NASA has just launched a multimillion-dollar spacecraft — to slam into an asteroid. Rather than being a catastrophic error, however, it will be the first test of a way to protect Earth from killer asteroids.
The asteroid that NASA is smashing into, called Dimorphos, is not a threat to Earth. But researchers want to see whether they can change its trajectory, long before they might need to use such a strategy to deflect a truly dangerous asteroid.
“The odds of something large enough to be a problem, that we would have to deflect, are pretty slim in our lifetimes,” says Andy Rivkin, a planetary scientist at the Johns Hopkins University Applied Physics Laboratory (JHU-APL) in Laurel, Maryland, which built the spacecraft for NASA. “But sometimes your number comes up when you don’t expect it, and it’s good to have an insurance policy.”
Launched from California on 23 November, the spacecraft is called the Double Asteroid Redirection Test (DART)1. Its target is a pair of asteroids that travel together through space, one orbiting the other as they circle the Sun (see ‘A not-so-gentle nudge’). Dimorphos, the smaller of the two at 160 metres wide, orbits Didymos, which is nearly 5 times larger and is named after the Greek word for ‘twin’.
In late September or early October of next year DART will slam headlong into Dimorphos at 6.6 kilometres per second. The impact should shrink Dimorphos’s orbit so that it circles Didymos at least 73 seconds faster than before. (Dimorphos is named after the Greek for ‘having two forms’, to signal NASA’s intent to change the asteroid’s orbit.) Astronomers using telescopes on Earth will watch Didymos for signs of that orbital change — which would be evident in the way its brightness changes over time, as Dimorphos passes in front of and behind it.
This complicated choreography is meant to test the idea that smashing into an asteroid can give it enough of a nudge to keep it from hitting Earth, says Nancy Chabot, a planetary scientist at JHU-APL who works on the mission. Using the non-threatening pair Dimorphos and Didymos is “a really smart and a safe way to do this first test”, she says. The impact will occur when the asteroids are 11 million kilometres from Earth.
Small asteroids and asteroid fragments hit Earth all the time, but most of them disintegrate in the atmosphere or fall harmlessly to the ground as meteorites. NASA has identified more than 27,000 asteroids with trajectories that bring them close to Earth. The worry is that some new asteroid could appear, headed directly towards the planet — and that it would be large enough to cause serious consequences when it hits, just as with the asteroid that helped to kill off the dinosaurs and other life on Earth 66 million years ago.
Space scientists have floated all sorts of ideas to battle incoming asteroids, the most dramatic of which involves blasting them with nuclear weapons2. Other, less cinematically worthy strategies involve altering the asteroid’s trajectory by flying a spacecraft alongside to tug on it using gravitational forces, or smashing into it as the US$330-million DART mission will.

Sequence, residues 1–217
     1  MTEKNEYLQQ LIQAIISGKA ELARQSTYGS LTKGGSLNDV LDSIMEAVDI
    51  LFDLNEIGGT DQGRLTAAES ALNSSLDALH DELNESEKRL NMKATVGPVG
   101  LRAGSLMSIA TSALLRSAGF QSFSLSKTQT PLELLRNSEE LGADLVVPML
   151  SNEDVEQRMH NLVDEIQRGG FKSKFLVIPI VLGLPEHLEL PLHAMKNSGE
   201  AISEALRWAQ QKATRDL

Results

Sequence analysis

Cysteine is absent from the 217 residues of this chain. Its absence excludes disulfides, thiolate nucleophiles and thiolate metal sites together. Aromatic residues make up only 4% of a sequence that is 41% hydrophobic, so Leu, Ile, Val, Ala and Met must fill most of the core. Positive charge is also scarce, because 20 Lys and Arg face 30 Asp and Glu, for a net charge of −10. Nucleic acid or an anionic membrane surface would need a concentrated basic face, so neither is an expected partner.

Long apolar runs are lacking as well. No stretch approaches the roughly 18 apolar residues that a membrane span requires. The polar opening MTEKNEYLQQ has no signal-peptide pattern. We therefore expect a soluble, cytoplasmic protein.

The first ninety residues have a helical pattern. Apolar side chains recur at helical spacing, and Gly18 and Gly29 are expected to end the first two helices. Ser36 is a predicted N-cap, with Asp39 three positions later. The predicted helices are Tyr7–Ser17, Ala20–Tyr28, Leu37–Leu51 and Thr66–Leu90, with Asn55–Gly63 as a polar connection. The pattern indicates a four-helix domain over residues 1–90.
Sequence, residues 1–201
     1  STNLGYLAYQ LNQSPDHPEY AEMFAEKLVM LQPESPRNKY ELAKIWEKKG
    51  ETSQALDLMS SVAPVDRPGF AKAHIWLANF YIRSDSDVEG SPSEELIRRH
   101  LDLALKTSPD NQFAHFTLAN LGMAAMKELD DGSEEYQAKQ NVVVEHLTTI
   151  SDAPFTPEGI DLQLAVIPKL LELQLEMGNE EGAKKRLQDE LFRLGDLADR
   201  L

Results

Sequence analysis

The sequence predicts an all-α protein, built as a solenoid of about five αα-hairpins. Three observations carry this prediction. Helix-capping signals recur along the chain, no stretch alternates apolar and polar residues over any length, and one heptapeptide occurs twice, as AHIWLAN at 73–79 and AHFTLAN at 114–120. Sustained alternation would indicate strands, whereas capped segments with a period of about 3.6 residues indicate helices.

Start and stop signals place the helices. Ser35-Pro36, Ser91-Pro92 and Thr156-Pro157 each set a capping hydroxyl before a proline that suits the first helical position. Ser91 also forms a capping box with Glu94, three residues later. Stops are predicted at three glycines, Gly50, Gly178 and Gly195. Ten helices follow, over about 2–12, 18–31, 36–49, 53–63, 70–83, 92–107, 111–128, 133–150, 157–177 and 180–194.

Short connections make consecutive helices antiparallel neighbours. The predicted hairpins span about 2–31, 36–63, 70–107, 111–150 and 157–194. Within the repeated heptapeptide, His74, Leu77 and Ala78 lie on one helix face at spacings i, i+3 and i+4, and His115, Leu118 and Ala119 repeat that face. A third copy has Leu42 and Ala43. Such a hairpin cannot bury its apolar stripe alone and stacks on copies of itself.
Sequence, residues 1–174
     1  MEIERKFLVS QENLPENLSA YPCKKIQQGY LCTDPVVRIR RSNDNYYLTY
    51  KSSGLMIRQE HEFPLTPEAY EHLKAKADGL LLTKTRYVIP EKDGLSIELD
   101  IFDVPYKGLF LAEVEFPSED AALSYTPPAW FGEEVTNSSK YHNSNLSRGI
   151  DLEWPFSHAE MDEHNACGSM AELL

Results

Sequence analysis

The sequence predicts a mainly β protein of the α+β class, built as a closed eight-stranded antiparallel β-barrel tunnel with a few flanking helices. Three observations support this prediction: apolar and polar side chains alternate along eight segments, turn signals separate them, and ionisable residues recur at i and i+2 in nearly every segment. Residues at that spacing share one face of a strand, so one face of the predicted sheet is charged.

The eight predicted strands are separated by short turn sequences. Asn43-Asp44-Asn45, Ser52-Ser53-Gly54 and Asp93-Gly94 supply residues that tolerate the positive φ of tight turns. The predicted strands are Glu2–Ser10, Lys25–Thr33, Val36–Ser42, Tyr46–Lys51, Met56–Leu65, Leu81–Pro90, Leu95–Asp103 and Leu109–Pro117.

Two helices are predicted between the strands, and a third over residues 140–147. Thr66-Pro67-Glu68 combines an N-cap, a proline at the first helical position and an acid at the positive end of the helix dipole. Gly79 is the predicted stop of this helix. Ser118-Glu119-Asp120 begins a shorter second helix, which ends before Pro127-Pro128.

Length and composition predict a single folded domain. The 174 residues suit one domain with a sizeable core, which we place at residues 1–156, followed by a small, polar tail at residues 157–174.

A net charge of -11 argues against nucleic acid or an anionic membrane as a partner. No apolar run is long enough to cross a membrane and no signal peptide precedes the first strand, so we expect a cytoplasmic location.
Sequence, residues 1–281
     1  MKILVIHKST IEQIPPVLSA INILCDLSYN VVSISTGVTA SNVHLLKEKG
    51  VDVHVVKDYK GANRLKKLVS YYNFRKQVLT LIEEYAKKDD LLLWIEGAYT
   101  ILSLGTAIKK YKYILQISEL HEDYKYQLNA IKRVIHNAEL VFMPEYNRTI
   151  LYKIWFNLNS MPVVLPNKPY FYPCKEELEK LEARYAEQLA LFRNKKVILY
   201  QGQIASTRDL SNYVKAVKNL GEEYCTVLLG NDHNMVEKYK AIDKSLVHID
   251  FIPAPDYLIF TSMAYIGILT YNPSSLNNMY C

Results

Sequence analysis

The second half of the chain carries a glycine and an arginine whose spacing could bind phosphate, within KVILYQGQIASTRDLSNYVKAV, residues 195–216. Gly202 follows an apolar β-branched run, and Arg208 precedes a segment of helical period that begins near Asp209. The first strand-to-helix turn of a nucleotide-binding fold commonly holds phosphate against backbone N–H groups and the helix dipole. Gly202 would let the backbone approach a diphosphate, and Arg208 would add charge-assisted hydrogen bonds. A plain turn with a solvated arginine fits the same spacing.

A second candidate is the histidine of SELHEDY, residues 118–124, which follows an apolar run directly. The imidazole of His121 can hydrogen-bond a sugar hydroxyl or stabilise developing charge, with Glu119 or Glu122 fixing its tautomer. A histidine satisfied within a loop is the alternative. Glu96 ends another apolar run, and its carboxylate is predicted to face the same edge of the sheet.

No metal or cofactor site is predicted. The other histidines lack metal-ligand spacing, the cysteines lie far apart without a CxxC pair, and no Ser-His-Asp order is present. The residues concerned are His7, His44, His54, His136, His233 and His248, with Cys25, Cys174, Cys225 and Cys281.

Depending on the angle at which DART hits the asteroid, it could kick up a small cloud of dust and rubble. The impact will probably leave a crater that could be around 10 metres across. At the same time, bits of the spacecraft’s wreckage might scatter across the asteroid’s surface, but exactly how DART will break apart remains to be seen. “Just from a pure crime-scene sense, a lot of us are curious about that,” Rivkin says.
Researchers will have a chance to get answers, because minutes later, a tiny probe funded by the Italian Space Agency will fly by to photograph the aftermath3. Named LICIACube, it will travel aboard DART and is the agency’s first autonomously guided deep-space mission. LICIACube will be released from DART 10 days before impact, and come within 55 kilometres of Dimorphos. As it whizzes past, its cameras should spot the dust cloud, if the impact kicks one up, and possibly the resulting crater. “We might be surprised by the images we collect,” says Elisabetta Dotto, an astronomer at the National Institute for Astrophysics in Rome, which is leading the collaboration of Italian universities and institutions involved in LICIACube.
In 2026, a follow-up spacecraft, the European Space Agency’s Hera mission, will visit Dimorphos to take more detailed pictures of the impact site.
Data collected by the DART mission should help scientists to understand how impacts affect asteroids, says Megan Bruck Syal, a physicist at the Lawrence Livermore National Laboratory in California, who will model what happens to Dimorphos. But DART is just one test involving one kind of space rock. There could be scenarios in which planetary defenders want to hit an asteroid with more speed than DART will reach when it hits Dimorphos, or in which they need to pummel an asteroid with several impactors to change its course. “We need to do more experiments like this,” Bruck Syal says.
Although many other spacecraft have been deliberately smashed into celestial objects at the ends of their lives, DART promises to be the first to hit a planetary body in the name of saving Earth.